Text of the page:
“This long-awaited change represents a real victory for consumers and their health,” said Jim Krieger, director of the non-profit group Healthy Food America, in a statement. “The science is clear that added sugars, which today appear in 68 percent of packaged food and beverages, are a key contributor to rising rates of diabetes and liver, heart and dental disease.”Read more
When Philadelphia Mayor Jim Kenney explained to New York Times columnist Mark Bittman why he is looking to a sugary drinks tax for funding to lift kids out of poverty, he minced no words:
“We are going to a source where there is substantial profit, and one that has the ability to take that hit and not skip a beat. They sell more of their product in poor communities than elsewhere, and for generations none of that profit was passed on to those communities. There is no downside to this other than that the three major soda companies may make a little less money.”Read more
First Lady Michelle Obama this morning announced U.S. Food and Drug Administration final approval of a requirement that food makers list grams of added sugars on nutrition-facts panels, along with the percentage of the recommended daily maximum they represent. Dr. Jim Krieger, executive director of Healthy Food America, issued this statement in response:
“This long-awaited change represents a real victory for consumers and their health. The science is clear that added sugars, which today appear in 68 percent of packaged food and beverages, are a key contributor to rising rates of diabetes and liver, heart and dental disease.Read more
California’s Bay Area this week has been the epicenter of action to reduce consumption of sugary drinks. On Tuesday, the same day a federal judge ruled that San Francisco could proceed with requiring warning labels on soda ads, the East Bay city of Albany added a proposed sugary drinks tax to the November ballot.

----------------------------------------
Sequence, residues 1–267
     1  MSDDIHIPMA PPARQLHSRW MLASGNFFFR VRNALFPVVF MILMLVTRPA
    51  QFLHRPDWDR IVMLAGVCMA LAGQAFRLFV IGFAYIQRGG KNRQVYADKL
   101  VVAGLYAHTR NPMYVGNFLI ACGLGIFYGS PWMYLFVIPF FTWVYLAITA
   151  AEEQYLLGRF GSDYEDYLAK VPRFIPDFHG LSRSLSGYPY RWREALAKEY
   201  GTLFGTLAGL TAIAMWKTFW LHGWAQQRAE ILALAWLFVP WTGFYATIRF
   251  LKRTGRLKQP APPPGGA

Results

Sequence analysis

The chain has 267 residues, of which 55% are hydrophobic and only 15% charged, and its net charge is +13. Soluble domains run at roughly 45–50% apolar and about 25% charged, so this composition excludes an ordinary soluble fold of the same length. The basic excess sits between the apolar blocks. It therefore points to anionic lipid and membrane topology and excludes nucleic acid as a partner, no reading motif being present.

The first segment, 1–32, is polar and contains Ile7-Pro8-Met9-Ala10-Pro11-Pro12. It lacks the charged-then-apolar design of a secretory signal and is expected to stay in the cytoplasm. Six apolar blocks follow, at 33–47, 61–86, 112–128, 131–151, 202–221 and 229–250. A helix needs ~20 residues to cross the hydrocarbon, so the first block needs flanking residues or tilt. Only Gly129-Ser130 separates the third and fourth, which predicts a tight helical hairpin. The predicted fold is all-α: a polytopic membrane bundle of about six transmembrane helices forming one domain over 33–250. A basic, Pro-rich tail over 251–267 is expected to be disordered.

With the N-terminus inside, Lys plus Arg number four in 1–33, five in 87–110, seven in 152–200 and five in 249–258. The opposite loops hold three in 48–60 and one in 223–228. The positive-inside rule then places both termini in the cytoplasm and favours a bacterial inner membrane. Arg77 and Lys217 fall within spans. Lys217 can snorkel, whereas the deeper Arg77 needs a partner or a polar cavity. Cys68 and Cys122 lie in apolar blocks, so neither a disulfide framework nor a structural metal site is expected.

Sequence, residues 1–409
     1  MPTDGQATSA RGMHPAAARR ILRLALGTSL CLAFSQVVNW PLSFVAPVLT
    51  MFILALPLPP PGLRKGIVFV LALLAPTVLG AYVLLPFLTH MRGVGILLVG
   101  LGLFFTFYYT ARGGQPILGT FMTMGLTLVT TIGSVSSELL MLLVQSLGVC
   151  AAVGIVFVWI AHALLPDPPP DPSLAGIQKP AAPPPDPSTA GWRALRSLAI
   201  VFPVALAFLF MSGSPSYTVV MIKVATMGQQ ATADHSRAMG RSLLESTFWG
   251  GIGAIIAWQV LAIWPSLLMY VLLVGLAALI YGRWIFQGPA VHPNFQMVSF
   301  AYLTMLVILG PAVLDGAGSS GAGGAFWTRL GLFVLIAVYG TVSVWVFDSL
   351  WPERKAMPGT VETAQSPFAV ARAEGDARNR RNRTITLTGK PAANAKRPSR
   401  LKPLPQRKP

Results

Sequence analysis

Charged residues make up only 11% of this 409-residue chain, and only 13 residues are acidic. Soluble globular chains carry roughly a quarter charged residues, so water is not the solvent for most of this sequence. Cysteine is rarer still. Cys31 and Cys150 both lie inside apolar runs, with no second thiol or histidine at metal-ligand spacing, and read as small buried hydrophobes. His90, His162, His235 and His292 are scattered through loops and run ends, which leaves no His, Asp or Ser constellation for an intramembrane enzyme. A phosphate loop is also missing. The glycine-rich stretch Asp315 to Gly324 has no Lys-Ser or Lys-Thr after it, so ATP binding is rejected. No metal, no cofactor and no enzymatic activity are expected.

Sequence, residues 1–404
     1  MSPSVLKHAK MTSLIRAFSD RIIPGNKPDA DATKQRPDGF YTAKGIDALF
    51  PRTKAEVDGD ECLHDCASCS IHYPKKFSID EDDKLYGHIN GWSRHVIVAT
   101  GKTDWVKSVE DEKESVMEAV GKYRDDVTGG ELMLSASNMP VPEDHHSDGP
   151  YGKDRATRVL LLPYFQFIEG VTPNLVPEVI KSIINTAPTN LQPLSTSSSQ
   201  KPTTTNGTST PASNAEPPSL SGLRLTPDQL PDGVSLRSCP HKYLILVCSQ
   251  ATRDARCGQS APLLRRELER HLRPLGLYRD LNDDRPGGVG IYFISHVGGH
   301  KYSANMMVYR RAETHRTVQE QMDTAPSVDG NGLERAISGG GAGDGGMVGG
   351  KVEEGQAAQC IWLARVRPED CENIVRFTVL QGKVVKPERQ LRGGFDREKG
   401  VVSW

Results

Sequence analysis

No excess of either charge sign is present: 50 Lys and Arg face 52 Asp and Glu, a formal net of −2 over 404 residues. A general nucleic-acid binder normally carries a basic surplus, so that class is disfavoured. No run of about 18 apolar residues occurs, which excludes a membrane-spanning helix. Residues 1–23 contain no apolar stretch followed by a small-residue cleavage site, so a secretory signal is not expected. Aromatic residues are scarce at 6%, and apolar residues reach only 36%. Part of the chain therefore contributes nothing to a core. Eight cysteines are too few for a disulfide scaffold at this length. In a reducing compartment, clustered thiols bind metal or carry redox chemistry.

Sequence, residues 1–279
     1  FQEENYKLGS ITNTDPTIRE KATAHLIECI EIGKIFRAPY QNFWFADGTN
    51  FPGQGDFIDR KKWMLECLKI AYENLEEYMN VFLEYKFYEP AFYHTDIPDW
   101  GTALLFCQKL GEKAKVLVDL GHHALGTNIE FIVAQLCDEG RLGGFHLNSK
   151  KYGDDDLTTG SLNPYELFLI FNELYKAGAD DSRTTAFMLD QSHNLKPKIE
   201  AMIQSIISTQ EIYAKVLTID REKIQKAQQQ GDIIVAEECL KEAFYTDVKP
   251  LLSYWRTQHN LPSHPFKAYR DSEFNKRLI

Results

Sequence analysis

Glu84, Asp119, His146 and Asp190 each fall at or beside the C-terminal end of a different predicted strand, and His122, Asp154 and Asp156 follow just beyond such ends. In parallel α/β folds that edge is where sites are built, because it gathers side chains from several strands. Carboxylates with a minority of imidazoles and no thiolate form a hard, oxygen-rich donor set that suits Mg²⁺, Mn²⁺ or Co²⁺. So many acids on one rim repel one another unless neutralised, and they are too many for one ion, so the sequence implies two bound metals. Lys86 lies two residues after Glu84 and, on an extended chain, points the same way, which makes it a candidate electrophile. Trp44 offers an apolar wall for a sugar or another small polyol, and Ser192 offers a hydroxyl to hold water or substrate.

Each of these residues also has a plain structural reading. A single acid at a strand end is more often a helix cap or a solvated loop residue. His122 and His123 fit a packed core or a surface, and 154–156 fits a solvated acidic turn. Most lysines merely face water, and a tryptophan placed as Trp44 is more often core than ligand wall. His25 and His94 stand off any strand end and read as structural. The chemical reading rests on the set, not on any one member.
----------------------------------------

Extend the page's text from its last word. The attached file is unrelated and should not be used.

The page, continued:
Albany joins neighboring Oakland in letting voters decide this November whether to follow Berkeley's example with a penny per ounce tax on sugary drinks. A similar effort is likely to hit the ballot in San Francisco, where supporters and their Board of Supervisors allies are working through a delay caused by a technical error.Read more
Just because it’s orange doesn’t mean it’s juice. Have you ever looked at the ingredients for Sunny D? Or Capri Sun? Yep, just as much added sugar as soda.
And yet these fruit-flavored drinks – often masquerading as “juice” with health benefits – are a leading source of added sugars in the diets of young kids. They are also the most common sugary drink of early childhood, with parents are six times more likely to rate things like Sunny D and Capri Sun as healthy compared with soda. Just like soda though, fruit-flavored drinks increase the risk for obesity, diabetes, and dental decay. You can find these and other unsettling features of fruity drinks in our new fact sheet.Read more
Support for Philadelphia’s soda tax continues to grow even as opponents scour their predictable playbook for scare tactics, stunts and misdirection. They still don’t have a good answer for the Harvard research (commissioned by HFA) showing the enormous benefits in saving lives and dollars. Nor can they deny what the tax revenue could do for the city’s children: universal Pre-K, community schools, and rebuilt parks and recreation facilities.
Advocate Morgan Abate sees health programs and policies as key to eradicating poverty. This inspired her to create a graphic which captures the benefits of Philadelphia’s sugary drink tax.Read more